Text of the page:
Captain America (1979)
Article 5459 by Dave Sindelar
Directed by Rod Holcomb
Featuring Reb Brown, Len Birman, Heather Menzies-Urich
What it is: Super-ho-hum-hero
To save a young man’s life after an attack from criminals seeking the plans for a neutron bomb, he is given a steroid developed by his father from his own blood that maximizes his latent potential. It saves his life and gives him superpowers which he uses against the criminals.
The success of “The Incredible Hulk” notwithstanding, the seventies were not a good time for television to take on superhero stories, and I think the mentioned series only worked because its premise lent itself to a “The Fugitive” format more than a crimefighter format. Granted, the special effects for TV series may not have been quite up to par yet, but I don’t think that was the main problem. I think there was sort of a glum timidity at work that made it feel like the makers didn’t think people would buy into the superhero concept. Furthermore, it often felt like nobody was really having fun with the idea; in this one, for example, the writing is uninspired, the direction stodgy, the acting bland, and the presentation simply dull. If I were making a superhero movie (TV or otherwise), I would at least have the music during the opening scenes be rousing and exciting; this movie opens with the hero driving around in a van while some anonymous laid-back music plays, the type of music that just seams to scream that not much is happening and things aren’t likely to improve. Quite frankly, the only thing in this movie that I would call “cool” would be the way the motorcycle seems to explode out of the back of the van when it comes into action. The action sequences are nothing special, and the movie probably has a high IVT*. Not recommended.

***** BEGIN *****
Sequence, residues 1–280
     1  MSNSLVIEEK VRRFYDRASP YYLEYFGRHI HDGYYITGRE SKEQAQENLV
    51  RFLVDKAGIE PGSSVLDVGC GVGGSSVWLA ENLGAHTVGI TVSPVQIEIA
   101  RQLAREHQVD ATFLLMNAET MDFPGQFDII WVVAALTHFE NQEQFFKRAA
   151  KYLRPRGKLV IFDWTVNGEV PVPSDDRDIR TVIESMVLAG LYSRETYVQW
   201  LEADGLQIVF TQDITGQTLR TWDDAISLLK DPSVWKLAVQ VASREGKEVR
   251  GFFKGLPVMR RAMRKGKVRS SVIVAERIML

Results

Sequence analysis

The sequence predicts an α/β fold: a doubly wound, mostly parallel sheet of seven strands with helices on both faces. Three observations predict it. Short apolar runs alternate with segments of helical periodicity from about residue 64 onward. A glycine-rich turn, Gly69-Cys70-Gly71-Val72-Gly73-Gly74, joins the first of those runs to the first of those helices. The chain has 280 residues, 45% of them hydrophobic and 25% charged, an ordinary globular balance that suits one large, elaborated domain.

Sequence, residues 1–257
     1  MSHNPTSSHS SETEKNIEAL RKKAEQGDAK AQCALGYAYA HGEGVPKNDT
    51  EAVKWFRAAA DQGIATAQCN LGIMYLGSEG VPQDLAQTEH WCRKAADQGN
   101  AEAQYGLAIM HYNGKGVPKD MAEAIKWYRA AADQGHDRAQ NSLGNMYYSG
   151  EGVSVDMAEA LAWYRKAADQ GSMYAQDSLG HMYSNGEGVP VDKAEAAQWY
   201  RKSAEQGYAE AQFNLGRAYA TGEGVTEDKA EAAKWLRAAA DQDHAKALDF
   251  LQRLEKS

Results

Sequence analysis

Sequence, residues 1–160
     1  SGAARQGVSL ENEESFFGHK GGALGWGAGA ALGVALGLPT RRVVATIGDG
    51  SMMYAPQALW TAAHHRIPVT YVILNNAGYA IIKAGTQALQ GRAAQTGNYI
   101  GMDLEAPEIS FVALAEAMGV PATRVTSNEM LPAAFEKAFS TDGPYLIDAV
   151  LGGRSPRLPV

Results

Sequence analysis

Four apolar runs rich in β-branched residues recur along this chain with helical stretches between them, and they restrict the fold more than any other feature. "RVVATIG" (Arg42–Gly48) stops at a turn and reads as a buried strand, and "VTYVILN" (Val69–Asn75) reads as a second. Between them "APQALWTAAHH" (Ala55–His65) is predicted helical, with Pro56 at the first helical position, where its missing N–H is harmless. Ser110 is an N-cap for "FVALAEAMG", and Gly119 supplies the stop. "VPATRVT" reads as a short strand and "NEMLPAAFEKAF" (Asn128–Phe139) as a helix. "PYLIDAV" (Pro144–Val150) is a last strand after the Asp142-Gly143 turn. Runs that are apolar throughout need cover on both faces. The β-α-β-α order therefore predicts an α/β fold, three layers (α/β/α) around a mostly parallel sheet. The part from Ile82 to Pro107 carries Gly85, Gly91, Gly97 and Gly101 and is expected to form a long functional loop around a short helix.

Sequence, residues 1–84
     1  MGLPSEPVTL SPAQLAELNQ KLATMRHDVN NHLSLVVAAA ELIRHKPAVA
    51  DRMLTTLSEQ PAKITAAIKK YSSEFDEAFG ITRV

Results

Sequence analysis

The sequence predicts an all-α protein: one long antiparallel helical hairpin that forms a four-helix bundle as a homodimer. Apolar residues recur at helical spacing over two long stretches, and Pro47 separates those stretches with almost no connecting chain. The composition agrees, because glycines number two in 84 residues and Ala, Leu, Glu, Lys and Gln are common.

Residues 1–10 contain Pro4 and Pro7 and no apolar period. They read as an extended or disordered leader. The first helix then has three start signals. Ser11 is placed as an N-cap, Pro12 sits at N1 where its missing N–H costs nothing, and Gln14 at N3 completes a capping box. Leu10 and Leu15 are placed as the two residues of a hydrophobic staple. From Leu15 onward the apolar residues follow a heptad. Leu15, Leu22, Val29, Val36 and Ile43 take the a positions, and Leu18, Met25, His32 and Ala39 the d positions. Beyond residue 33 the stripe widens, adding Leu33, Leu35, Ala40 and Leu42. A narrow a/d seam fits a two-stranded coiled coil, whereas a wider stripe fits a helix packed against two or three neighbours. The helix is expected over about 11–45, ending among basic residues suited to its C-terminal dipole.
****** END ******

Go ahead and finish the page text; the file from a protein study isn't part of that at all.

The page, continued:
- IVT is a new term I coined; it stands for Index of Vehicular Tedium. It stands for the percentage of the movie’s running time that consists of footage of vehicles moving around in a non-action scene mode.